ReplyDelete
  2. Anonymous12/28/2007

    I will definitely try your slow baked potato recipe and yay you, for writing about Slow Food. It's become the watchword (words?) of my life and one way or another, has changed it in significant ways. Happy New Year to you, Alanna!

    ReplyDelete
  3. For years clam chowder and challah was our New Year's Eve dinner.
    3 hrs at 350 - unreal!

    ReplyDelete
  4. This really does sound delicious. I'm sending this recipe to my sister who loves chowder but is allergic to seafood. Happy New Year!

    ReplyDelete
  5. Great recipe-perfect for a cold day in Maine. Wonderful that Slow Food is now in St. Louis. I would love to attend one of your functions if it coincides with visiting my son. Can you put me on your distribution list?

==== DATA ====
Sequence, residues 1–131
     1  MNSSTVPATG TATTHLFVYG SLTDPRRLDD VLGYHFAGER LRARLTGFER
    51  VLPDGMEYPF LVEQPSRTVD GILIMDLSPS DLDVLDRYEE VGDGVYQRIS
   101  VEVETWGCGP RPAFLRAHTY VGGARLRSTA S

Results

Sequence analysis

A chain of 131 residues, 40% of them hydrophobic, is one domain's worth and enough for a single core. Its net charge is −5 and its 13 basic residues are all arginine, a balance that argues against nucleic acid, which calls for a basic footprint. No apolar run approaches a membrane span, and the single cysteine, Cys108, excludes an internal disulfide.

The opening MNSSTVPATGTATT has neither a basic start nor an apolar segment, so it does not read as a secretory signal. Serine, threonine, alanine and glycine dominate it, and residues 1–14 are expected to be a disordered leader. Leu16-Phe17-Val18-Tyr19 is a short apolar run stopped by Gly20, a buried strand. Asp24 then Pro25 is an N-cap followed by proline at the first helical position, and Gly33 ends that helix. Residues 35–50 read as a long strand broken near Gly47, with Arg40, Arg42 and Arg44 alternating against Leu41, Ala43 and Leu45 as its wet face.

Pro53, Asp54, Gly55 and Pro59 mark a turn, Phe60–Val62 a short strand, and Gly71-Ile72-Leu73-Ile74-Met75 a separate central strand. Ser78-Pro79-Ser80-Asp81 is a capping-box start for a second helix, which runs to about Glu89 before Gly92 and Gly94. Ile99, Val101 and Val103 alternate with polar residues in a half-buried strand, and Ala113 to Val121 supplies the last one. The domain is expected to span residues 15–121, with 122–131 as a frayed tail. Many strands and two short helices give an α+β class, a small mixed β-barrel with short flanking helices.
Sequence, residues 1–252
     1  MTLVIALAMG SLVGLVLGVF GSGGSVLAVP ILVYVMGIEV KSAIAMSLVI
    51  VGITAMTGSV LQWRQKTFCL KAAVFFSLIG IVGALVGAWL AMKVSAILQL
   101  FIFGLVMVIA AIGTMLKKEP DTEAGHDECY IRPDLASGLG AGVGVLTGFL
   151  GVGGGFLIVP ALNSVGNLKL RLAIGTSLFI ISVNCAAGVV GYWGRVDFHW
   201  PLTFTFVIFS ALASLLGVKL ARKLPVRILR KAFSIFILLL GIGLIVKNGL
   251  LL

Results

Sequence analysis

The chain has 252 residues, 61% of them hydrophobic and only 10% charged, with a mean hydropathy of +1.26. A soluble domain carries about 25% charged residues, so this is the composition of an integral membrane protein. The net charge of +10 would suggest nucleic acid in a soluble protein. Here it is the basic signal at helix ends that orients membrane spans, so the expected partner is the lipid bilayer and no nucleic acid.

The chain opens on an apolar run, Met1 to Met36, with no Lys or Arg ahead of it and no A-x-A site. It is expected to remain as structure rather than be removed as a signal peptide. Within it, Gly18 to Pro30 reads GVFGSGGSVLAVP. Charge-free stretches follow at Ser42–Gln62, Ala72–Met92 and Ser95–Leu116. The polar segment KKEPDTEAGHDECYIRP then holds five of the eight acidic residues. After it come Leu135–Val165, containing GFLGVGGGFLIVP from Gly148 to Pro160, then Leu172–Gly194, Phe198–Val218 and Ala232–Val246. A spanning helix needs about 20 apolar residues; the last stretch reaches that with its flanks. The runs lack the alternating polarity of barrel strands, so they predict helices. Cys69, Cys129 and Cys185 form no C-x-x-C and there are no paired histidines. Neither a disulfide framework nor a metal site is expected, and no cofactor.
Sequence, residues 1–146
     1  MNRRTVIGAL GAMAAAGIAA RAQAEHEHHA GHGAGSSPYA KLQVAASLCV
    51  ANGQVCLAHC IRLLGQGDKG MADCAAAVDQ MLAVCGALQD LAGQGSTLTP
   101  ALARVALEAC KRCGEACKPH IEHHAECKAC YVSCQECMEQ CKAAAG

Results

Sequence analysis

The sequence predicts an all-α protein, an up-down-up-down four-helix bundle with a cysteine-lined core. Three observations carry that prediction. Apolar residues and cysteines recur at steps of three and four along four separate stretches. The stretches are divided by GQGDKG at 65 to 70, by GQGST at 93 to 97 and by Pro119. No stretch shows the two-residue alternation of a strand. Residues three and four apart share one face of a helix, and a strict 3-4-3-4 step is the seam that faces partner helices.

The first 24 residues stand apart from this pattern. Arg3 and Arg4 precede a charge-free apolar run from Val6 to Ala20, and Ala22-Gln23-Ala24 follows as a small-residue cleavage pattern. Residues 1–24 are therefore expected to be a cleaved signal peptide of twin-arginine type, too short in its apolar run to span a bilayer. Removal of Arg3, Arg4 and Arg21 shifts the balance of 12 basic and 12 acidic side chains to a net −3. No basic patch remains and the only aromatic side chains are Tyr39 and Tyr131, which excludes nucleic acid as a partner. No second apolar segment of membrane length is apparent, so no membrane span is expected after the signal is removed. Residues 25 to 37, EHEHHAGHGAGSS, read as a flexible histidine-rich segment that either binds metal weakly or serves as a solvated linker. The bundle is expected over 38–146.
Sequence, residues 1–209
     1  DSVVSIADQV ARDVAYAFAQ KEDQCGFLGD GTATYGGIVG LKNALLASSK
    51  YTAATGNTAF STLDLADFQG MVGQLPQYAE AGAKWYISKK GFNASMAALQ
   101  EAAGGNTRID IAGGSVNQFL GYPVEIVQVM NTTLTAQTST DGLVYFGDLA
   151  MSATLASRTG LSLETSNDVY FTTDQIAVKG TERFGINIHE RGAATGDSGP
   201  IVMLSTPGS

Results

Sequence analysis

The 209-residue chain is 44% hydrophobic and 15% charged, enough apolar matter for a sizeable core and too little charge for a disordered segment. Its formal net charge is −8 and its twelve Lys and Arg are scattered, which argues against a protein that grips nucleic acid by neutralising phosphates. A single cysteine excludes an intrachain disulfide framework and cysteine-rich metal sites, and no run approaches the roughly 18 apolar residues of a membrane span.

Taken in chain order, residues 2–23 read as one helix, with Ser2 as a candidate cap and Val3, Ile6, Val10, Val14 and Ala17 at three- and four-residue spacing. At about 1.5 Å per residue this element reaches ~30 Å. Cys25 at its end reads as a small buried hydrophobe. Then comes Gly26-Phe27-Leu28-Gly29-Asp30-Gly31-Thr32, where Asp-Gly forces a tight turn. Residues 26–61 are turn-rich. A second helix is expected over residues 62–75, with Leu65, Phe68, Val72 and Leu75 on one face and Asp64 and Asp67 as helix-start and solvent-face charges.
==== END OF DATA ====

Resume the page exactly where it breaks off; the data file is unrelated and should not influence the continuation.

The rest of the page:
Happy New Year to you.

    ReplyDelete
  6. Anonymous6/23/2008

    We are giving a party tonight here in Basel, Switzerland and your slow cooked baked potato is featured on the menu.

    It saves so much last-minute-stress.
    Thank you for the recipe.

    Grüss

    ReplyDelete

Post a Comment

Thank you for taking a moment to write! I read each and every comment, for each and every recipe. If you have a specific question, it's nearly always answered quick-quick. But I also love hearing your reactions, your curiosity, even your concerns! When you've made a recipe, I especially love to know how it turned out, what variations you made, what you'll do differently the next time. ~ Alanna